Transportation and housing represent some of our largest collective impacts globally. Due to our reliance on fossil fuels, transportation is currently the largest source of greenhouse gas emissions, and our urban areas are growing at an unprecedented rate. With a continually growing population and a deeply entrenched reliance on fossil fuels for transportation, here are a few large-scale solutions for minimizing our global impacts:

  • Renewable fuels and electric vehicles can greatly minimize or eliminate the amount of CO₂ produced from transportation
  • Technologies in modern engine and transmission components, catalytic converters and diesel filters can greatly improve the efficiency of our vehicles and significantly reduce emissions.
  • Compact housing development is the way to go. Dispersed, large-lot housing has tripled the rate of urbanization of rural land and of vehicle miles traveled, relative to the rate of population growth. With our communities literally closer together, things like public transit, bike lanes, and pedestrian walkways are made much more affordable, saving us time, money, and emissions in owning and regularly using vehicles. Access to transportation options also contributes to stable housing values, particularly important for those whose homes are their primary asset.
  • Green building materials, techniques, and appliances can save us energy, the cost of which is proportionately much greater for people with low-income. They can also save water, which is critically important in areas of growing population that are already experiencing drought.

The EPA has tons of data and helpful information on the topics of transportation, and they have a great page about their strategy for housing development they call the Smart Growth Approach. It is important to remember that our access to affordable, green housing and transportation is not distributed evenly. The NAACP’s page on environmental justice explains well why climate change disproportionately impacts the health, and resource availability of people of color, particularly in cities.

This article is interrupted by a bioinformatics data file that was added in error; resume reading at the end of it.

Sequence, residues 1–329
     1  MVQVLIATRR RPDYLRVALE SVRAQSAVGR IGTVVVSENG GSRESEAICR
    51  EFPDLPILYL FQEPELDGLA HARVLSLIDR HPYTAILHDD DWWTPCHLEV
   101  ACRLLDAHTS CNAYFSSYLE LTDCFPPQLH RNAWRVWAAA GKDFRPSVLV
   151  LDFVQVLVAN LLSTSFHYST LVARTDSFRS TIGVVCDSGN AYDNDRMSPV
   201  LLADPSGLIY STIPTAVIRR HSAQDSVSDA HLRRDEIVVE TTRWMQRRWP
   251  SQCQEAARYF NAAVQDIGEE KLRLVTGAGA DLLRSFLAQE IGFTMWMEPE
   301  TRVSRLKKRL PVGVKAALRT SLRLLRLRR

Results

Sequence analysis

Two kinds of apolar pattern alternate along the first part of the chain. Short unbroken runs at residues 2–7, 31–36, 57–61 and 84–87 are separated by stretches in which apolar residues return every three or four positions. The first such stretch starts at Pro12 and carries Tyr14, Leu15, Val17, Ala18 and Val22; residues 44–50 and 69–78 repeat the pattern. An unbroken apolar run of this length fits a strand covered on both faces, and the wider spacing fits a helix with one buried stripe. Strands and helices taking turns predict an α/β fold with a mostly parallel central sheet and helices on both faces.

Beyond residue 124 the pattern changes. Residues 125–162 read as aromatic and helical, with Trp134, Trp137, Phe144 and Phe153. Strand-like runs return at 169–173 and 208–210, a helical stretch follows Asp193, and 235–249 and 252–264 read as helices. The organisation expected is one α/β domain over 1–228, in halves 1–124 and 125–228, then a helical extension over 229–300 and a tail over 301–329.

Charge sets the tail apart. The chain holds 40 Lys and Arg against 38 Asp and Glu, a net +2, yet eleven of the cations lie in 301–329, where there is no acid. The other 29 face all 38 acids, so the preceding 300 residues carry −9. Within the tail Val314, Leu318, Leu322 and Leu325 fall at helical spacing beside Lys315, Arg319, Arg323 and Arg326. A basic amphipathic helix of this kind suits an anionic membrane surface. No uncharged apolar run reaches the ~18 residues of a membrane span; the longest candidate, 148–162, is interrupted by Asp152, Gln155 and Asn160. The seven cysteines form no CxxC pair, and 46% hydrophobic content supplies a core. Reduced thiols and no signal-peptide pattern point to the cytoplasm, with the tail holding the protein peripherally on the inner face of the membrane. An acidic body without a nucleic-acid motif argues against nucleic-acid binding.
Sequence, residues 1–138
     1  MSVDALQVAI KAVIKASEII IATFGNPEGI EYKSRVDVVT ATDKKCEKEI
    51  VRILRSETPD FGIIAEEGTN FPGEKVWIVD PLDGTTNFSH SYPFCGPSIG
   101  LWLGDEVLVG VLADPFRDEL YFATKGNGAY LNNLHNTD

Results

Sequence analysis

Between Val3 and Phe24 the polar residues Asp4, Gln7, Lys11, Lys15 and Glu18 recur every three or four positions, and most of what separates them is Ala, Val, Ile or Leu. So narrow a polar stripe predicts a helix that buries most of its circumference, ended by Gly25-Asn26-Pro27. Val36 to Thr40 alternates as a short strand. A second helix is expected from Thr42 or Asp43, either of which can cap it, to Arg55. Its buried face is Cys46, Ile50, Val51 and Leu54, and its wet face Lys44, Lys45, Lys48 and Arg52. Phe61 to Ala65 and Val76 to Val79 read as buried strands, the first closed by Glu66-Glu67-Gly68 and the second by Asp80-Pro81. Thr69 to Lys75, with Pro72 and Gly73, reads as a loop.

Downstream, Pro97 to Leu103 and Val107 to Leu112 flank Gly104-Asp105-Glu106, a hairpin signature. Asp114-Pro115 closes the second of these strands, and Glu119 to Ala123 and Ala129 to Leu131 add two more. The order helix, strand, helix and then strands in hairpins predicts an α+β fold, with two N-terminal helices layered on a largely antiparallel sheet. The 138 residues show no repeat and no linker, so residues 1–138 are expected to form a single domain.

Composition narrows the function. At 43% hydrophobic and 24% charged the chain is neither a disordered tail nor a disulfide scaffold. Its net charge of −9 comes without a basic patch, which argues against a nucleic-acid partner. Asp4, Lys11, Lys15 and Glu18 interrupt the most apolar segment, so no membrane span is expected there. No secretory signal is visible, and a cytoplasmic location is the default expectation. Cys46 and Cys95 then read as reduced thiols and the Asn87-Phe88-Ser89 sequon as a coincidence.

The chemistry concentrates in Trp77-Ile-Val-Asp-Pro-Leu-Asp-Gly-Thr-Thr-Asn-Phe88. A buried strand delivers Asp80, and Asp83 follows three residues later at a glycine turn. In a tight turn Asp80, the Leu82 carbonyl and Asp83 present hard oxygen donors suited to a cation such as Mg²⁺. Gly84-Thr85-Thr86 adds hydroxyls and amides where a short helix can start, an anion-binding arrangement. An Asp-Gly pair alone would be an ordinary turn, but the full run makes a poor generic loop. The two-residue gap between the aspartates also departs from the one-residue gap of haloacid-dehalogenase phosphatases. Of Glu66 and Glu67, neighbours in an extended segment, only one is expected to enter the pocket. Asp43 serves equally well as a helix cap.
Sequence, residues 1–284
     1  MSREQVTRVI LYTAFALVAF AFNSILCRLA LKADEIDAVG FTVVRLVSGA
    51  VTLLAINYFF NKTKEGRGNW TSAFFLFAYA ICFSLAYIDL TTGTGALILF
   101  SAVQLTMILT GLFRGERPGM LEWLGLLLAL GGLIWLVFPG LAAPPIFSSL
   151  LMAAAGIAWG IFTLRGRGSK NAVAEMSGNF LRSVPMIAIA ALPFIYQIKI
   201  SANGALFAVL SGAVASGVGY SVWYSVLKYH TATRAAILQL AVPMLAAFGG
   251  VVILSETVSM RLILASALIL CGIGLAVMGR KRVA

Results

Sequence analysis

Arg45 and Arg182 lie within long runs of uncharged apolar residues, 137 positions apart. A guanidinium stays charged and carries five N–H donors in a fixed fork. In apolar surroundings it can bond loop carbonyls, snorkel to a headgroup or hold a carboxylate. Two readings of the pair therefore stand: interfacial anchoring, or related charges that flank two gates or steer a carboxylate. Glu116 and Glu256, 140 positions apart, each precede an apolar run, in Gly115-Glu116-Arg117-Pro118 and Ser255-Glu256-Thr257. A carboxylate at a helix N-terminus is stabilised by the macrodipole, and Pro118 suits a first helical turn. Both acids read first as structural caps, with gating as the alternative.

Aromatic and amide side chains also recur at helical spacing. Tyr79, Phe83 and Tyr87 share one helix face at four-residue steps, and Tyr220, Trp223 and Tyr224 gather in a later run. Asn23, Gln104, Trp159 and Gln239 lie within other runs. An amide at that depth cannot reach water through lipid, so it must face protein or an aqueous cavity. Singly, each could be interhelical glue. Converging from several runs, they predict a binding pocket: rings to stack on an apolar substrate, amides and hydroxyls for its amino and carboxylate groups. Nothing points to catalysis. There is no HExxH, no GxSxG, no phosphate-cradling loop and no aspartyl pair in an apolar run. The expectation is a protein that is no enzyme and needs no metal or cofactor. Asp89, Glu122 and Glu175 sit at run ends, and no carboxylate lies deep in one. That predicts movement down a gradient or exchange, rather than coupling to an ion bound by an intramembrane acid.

Direct Household Emissions, photo found here

For Me

Given that my whole route is designed around ecosystems with their own unique biological and geological history, as well as their own history of land development, concentration of urban, rural, and suburban areas, and land and water access policies, I’ll have to consider a variety of different options regarding the on-road, on-trail, and off-trail corridors I’ll follow, and the locally available durable surfaces to sleep on through within the following biomes:

  • Coniferous forests
  • Broadleaf forests
  • Pine/oak forests
  • Mixed forests
  • Deserts and Xeric Shrublands
  • Grassland
  • Taiga
  • Flooded Grasslands and Savannahs

Elevation, latitude, climate conditions, and my specific location in space and time will determine how to best Leave No Trace, so I’ll have to use my experience and prior knowledge to make the best decisions possible based on the present conditions.

Breakfast at Camp in Cataract Canyon on the Colorado River